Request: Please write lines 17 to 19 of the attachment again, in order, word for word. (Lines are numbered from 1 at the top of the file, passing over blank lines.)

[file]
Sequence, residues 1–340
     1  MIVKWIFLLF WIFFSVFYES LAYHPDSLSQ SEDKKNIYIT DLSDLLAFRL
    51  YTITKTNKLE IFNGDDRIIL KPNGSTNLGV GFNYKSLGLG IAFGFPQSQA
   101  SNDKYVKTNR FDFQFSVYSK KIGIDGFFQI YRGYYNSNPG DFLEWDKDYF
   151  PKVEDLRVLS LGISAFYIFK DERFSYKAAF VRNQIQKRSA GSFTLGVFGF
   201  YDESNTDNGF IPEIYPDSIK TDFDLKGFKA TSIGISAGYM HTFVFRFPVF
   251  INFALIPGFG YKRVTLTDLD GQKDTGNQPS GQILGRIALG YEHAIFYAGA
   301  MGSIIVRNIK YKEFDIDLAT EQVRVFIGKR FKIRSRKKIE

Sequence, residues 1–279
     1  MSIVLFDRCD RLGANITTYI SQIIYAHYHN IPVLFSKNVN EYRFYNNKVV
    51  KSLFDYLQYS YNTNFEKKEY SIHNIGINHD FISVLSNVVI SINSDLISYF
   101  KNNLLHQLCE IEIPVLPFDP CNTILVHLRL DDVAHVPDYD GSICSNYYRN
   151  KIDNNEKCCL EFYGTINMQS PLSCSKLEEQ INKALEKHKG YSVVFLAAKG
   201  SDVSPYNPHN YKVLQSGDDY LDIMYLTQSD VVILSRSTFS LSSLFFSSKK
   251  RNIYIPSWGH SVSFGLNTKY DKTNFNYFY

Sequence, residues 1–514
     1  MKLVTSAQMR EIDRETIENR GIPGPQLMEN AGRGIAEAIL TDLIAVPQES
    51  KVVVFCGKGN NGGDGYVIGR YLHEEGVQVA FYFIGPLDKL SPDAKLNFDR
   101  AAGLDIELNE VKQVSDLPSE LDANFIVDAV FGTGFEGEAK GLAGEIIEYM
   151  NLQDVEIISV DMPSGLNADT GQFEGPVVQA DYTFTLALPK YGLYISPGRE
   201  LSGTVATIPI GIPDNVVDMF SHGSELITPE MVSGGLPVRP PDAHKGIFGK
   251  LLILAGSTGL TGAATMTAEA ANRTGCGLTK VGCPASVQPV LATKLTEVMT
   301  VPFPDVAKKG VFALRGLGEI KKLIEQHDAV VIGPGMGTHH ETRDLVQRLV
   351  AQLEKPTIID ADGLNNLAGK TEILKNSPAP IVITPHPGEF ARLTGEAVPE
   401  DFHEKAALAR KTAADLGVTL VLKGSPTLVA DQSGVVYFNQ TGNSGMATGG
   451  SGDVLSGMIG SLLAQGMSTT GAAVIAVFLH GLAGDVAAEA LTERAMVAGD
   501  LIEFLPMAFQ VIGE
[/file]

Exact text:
     1  MKLVTSAQMR EIDRETIENR GIPGPQLMEN AGRGIAEAIL TDLIAVPQES
    51  KVVVFCGKGN NGGDGYVIGR YLHEEGVQVA FYFIGPLDKL SPDAKLNFDR
   101  AAGLDIELNE VKQVSDLPSE LDANFIVDAV FGTGFEGEAK GLAGEIIEYM